John 5:45-47 says, “Think not that I will accuse you to the Father: there is one that accuseth you, even Moses on whom ye have set your hope. For if ye believed Moses, ye would believe me; for he wrote of me. But if ye believe not his writings, how shall ye believe my word?”
The last witness Jesus offered His nation to testify He was from God and His Son was Moses. In the passage above, Jesus said that Moses, to the Jews, was he “on whom ye have set your hope”. This is a fitting description of the Jewish attitude toward Jesus. In the controversy which erupted after Jesus had given sight to a man born blind, the Pharisees said to the former blind man, “Thou art his disciple; but we are disciples of Moses. We know that God spoke unto Moses: but as for this man, we know not whence he is” (John 9:28-29). And although the blind man’s answer showed both the absurdity of their answer as well as their hypocrisy, it made no impression on them. It was like the proverb “water running off a duck’s back”. Jesus had perceived their condition — they claimed to believe Moses’ writings but they really did not.
Moses specifically said of Jesus, “Jehovah thy God will raise up unto thee a prophet from the midst of thee, like unto me; unto him ye shall hearken” (Deuteronomy 18:15). He added in v. 18, “I will raise them up a prophet from among their brethren like unto thee, and I will put my words in his mouth and he shall speak unto them all that I command him. And it shall come to pass that whosoever will not hearken unto my words which he shall speak in my name, I will require it of him”. This passage is quoted by Peter in his second sermon on Solomon’s porch (Acts 3:22-23).
Jesus was like Moses. Both were deliverers of their people. Moses delivered Israel from the slavery of Egypt; Jesus delivered man from the bondage of sin. Both were mediators. Moses plead with God not to destroy his nation (Deuteronomy 9:23-29); Jesus is our Mediator (1 Timothy 2:5). Both were lawgivers. John wrote, “The law was given by Moses; grace and truth came through Jesus Christ” (John 1:17). Other similarities between the two could be made but space is limited for a full comparison.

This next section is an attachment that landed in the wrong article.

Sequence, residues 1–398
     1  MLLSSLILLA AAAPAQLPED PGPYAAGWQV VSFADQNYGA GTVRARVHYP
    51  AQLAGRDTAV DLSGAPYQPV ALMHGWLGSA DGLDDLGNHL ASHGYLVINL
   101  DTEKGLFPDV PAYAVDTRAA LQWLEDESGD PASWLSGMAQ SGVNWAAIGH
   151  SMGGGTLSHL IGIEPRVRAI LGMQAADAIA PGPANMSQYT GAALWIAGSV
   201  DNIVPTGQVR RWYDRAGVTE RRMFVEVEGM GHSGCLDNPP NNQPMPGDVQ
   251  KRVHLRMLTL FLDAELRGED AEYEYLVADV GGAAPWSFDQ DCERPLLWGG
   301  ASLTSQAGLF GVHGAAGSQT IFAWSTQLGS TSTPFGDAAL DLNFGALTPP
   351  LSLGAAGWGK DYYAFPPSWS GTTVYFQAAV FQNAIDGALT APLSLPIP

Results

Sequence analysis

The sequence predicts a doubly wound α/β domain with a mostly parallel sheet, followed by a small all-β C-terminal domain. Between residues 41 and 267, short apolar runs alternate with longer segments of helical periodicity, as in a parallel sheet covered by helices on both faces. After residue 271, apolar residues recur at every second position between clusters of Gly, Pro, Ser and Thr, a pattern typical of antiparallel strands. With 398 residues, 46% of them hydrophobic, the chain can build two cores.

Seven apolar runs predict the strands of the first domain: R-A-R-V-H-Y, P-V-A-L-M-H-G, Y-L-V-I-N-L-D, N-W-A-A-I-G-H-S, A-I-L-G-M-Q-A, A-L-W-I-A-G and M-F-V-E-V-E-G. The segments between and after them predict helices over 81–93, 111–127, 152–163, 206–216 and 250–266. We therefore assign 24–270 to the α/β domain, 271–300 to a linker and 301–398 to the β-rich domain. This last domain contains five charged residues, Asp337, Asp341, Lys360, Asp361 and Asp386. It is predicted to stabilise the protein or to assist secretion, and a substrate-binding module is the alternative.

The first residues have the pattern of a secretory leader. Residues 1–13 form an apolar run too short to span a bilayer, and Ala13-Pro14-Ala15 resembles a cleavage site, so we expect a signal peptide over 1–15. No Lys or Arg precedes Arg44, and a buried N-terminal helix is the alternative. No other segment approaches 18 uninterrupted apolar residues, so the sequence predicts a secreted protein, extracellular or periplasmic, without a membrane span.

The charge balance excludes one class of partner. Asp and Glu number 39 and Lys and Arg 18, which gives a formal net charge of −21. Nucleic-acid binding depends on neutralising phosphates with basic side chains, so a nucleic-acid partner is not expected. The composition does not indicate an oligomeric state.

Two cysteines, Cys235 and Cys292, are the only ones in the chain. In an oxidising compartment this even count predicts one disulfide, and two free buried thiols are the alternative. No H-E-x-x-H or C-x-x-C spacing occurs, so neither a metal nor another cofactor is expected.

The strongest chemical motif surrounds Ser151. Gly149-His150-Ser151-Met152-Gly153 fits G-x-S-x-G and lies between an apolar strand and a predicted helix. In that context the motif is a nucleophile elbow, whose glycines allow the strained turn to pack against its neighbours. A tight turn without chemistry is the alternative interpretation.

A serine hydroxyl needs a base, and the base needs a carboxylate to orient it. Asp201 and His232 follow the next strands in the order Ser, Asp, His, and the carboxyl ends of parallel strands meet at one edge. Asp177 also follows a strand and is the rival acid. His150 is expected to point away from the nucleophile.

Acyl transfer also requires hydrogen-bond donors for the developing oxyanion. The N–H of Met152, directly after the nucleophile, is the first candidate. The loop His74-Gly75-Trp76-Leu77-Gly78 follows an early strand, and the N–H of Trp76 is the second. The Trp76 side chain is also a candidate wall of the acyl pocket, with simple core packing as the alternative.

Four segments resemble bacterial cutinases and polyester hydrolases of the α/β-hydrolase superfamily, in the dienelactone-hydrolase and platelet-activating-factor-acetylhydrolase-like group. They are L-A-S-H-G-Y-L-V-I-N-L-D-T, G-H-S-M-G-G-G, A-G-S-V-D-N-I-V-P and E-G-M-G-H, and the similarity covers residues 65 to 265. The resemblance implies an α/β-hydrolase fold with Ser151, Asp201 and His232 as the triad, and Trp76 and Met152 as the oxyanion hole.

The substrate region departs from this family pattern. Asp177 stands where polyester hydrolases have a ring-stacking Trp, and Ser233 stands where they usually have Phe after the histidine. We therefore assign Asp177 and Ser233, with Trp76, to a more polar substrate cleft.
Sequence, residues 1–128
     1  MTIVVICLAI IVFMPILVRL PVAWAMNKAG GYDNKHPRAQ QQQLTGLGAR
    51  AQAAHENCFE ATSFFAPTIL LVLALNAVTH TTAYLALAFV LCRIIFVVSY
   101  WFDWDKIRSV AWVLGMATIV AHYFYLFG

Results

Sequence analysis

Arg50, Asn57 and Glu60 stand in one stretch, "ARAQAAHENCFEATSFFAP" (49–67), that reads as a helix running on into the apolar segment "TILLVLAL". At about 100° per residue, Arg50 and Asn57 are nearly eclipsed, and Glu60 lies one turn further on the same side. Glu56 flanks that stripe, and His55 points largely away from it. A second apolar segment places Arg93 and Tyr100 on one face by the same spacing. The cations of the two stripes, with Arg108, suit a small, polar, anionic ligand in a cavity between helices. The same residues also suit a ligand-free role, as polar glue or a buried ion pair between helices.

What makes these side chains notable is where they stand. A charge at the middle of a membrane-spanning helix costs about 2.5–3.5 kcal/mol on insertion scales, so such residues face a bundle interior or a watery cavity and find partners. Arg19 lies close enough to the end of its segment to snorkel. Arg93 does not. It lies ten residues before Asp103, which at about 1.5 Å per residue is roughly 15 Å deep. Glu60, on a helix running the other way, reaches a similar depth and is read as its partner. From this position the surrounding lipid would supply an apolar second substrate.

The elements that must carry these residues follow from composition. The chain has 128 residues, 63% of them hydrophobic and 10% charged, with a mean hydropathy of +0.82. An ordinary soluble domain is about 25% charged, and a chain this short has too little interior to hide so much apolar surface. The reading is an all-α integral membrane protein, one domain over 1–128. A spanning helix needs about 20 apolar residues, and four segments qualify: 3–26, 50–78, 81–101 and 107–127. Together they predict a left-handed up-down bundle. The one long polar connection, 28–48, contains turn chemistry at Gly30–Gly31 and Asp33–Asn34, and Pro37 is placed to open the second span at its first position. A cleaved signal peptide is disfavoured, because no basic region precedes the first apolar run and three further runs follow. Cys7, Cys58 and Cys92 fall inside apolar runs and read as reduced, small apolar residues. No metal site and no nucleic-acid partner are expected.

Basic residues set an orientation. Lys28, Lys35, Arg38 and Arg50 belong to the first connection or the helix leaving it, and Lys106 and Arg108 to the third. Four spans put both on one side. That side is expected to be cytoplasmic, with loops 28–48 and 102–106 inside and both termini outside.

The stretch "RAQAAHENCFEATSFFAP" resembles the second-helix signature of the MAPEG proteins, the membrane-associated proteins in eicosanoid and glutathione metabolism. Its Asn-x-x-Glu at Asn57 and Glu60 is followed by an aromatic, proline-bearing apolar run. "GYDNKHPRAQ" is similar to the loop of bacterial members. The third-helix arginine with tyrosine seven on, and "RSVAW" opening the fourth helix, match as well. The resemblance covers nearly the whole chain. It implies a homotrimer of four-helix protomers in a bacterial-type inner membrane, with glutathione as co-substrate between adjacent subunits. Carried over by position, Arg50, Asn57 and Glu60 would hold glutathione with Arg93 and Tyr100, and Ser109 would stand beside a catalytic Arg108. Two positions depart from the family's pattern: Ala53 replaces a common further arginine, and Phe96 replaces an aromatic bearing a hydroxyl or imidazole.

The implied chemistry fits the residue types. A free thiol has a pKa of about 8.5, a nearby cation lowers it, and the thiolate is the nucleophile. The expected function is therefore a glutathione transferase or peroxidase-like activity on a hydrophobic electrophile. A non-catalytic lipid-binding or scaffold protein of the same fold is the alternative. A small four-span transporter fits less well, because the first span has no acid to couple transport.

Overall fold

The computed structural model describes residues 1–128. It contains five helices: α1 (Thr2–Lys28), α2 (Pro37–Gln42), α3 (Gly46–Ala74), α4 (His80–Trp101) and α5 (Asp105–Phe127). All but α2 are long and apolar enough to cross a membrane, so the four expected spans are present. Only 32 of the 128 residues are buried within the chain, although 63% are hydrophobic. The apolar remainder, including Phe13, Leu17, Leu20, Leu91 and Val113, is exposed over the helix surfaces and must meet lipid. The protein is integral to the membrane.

Moses “wrote of me” Jesus said. That doesn’t mean that everything Moses records of Jesus came first to him. Moses recorded God’s words to the serpent and Eve in Genesis 3:15 where the serpent was told that the seed of the woman “would bruise” his head. This first promise of Jesus was given 2,500 years before the birth of Moses, but he recorded it so that all mankind would know the ultimate end of Satan and the loss of his power over death (Hebrews 2:14-15). Moses recorded God’s promise to Abraham that in his seed all the families of the earth would be blessed (Genesis 12:3). It was repeated to Abraham’s son Isaac (Genesis 26:4) and to his grandson Jacob (Genesis 28:14). All these promises given to Abraham, Isaac, and Jacob were revealed through God’s Spirit to Moses who wrote them down for our benefit. Aside from these promises, the prophecy Balaam made of Jesus also was recorded by Moses (Numbers 24:17). So while most of these predictions of the coming seed of Abraham who would prove to be a blessing to all nations were given to others, we would have no knowledge of them apart from the writings of Moses.
The blind man said to those who insisted, “We know that God spoke to Moses, but as to this man, we know not whence he is” these words: “Why herein is the marvel that ye know not whence he is and yet he opened mine eyes … if this man were not from God, he could do nothing” (John 9:30, 33). The Jews answered,“Thou wast altogether born in sin and dost thou teach us?” (John 9:34).
Jesus told the rulers that while they claimed to believe Moses and had set their hope in him, they really didn’t believe him: “If ye believed Moses, ye would believe in me, for he wrote of me”. To satisfy Moses’ fear that his people would not believe him, God gave him signs to work to convince them. Marvelous indeed were the miracles God gave Moses to work in the sight of all His people: the dividing of the sea; water from a rock; and, manna from heaven.
But Moses never raised anyone from the dead. However, Jesus did. The gospel accounts list three separate occasions when Jesus did that. And yes, both Elijah and Elisha raised a child from the dead (1 Kings 17:17-24; 2 Kings 4:25-37), but neither Elisha, Elijah, nor Moses (nor any other mortal) ever raised themselves from the grave. But Jesus both promised and accomplished this. His nation acknowledged, “This man doeth many signs” (John 11:47), but they refused to believe what those signs proved. Truly Isaiah’s words were fulfilled in the nation of Israel when they rejected Christ: “Hear ye indeed, but understand not, see ye indeed, but perceive not” (Isaiah 6:9). Truly, “There are none so blind as he who will not see”.